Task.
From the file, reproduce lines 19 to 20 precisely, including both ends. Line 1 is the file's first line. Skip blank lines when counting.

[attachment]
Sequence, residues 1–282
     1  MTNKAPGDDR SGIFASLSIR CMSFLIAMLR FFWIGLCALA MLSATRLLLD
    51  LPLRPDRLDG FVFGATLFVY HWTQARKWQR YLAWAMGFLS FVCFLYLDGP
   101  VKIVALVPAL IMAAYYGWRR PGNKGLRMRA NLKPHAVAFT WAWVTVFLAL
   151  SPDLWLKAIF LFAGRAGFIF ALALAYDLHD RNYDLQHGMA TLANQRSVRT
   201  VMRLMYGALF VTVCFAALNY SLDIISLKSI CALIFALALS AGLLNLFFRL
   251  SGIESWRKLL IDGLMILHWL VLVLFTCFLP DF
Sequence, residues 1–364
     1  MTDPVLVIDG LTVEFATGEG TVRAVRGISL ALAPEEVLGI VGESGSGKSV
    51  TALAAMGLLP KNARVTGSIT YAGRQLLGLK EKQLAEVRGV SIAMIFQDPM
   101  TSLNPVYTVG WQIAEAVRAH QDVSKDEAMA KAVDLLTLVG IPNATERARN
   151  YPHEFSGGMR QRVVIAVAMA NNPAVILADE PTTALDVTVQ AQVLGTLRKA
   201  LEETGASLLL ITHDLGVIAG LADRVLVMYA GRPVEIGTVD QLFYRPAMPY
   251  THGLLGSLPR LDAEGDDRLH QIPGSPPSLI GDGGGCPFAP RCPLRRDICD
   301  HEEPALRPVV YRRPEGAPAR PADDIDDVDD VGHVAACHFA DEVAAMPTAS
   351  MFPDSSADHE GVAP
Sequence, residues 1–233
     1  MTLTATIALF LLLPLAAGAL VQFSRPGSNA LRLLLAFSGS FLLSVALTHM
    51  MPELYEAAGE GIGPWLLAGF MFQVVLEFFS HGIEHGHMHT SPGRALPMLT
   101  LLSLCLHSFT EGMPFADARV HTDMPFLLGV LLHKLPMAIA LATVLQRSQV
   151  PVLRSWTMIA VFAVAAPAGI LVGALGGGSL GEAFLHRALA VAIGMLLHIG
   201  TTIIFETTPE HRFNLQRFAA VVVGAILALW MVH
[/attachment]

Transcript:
    51  MPELYEAAGE GIGPWLLAGF MFQVVLEFFS HGIEHGHMHT SPGRALPMLT
   101  LLSLCLHSFT EGMPFADARV HTDMPFLLGV LLHKLPMAIA LATVLQRSQV